The way you can know for sure is to check the live data in the HV ECU. The MG1 cranks the engine. MG1 is the smaller of the motor/generators (MGs). There is an easy to remember rule for Toyota MGs. If the torque and rpm values are both positive or both negative, the MG is acting as a motor. If the torque and rpm values are negative/positive or positive/negative, then the MG is a generator. If the MG1 is acting as a motor, the engine is cranking, not running.

Case Study – 2008 Prius Died While Driving

A 2008 Prius was towed to the shop with a P0A0F (HV ECU – engine didn’t start) and a P3193 (ECM – Fuel ran out). Normally, a P3193 is caused by a low fuel level. That’s what the customer and tow driver suspected since the fuel gauge was flashing on “E,” so they had added 2 gallons of fuel. The engine still didn’t start, and the car was towed in.

A quick check of the freeze frame data revealed that the no-start was likely caused by lack of fuel. The air/fuel sensor was pegged at 4.99V (full lean) and the MAF reading was higher than normal at 12.67 g/sec., which left the fuel pump, injectors, and an empty fuel tank as possibilities. At this point there’s no need to check for spark, compression, timing, etc.

Since the code set before the tow driver had added fuel, I figured that it was best to check live data before proceeding. After setting the Techstream to record ECM data, I tried to start the engine. The engine cranked without starting. The recorded live data matched the freeze frame data. The air/fuel sensor was still full lean.

Live data during cranking

Time to check fuel pressure. I noticed a mouse nest while removing the cowl to access the fuel line. This is often a sign that there will be a wiring fault.

While using the active test for the fuel pump, a fuel pressure gauge read 0 psi. No need to check the pressure specification. I’m pretty sure it’s more than zero. The next question is why. It could be a failed fuel pump, or no power to the fuel pump, or maybe the tow driver didn’t actually add fuel. Before going any further, I added a gallon of fuel.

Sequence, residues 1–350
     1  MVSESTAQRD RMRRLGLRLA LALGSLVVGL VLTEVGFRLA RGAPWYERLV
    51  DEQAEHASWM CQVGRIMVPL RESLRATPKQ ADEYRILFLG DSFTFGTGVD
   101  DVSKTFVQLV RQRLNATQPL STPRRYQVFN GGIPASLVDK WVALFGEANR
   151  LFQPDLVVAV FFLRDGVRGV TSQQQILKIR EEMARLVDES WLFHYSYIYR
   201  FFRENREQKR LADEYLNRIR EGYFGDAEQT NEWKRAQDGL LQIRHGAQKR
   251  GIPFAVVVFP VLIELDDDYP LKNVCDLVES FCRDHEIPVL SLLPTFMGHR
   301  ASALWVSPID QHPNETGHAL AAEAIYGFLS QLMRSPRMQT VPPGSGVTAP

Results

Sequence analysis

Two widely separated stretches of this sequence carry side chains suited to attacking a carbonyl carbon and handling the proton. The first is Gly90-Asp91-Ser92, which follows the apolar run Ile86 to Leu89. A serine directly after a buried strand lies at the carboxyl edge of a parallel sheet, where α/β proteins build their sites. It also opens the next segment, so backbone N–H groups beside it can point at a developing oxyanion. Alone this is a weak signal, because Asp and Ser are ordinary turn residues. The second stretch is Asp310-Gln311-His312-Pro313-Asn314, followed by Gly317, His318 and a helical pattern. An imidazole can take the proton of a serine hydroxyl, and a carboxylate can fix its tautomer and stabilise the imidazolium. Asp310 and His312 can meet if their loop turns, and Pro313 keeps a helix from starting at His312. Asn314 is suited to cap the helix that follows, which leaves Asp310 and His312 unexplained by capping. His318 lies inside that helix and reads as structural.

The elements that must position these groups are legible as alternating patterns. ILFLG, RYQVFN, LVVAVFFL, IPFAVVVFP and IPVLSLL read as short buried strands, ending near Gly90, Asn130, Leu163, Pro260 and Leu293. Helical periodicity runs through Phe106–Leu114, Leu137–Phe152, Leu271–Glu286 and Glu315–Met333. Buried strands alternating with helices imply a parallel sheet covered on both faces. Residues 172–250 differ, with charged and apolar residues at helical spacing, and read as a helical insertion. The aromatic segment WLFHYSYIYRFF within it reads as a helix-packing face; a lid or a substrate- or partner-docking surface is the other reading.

Fuel pump active test
Fuel pump active test
Fuel pressure at zero
Fuel pressure at zero

With the addition of another gallon, the fuel pressure gauge is still at zero psi, so we’re left with either no power to the fuel pump or the pump itself. Time to check the fuel pump circuit. I like to start diagnosis in the middle of the circuit when it’s easily accessible. In this case, the fuel pump relay is easily accessed. Once again, I use the fuel pump active test to close the relay and test.

Testing power at the fuel pump relay
Testing power at the fuel pump relay

We now know that the relay can be commanded on, and there is good power into and out of the relay. The next step is to see if there is good power and ground at the pump itself. There is an access port under the easily removed lower rear seat cushion. A quick test reveals both good power and ground to the fuel pump. The fuel pump is bad, which is a pretty rare failure for this vehicle. The fuel pump is part of the tank, so the tank must be replaced as an assembly.

You may be thinking, “Well that was a pretty easy diagnosis. I’ve done nearly the same thing on many cars.” And, you’re right. This was an easy diagnosis. In fact, I’d argue that diagnosing a Toyota hybrid no-start is easier than most other cars because using just the freeze frame data you can find out whether the problem is fuel related or not. Other than the cranking speed, higher MAF reading, and the engine constantly stopping and starting while driving, diagnosing a hybrid no-start is the same as any other car.

Power OK at fuel pump
Power OK at fuel pump
Ground OK at fuel pump
Ground OK at fuel pump

By Paul Cortes

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1 Comment

  1. Raymond

    Toyota Corolla are one of the best cars ever made in the history of car manufacturer just like the VW beetle.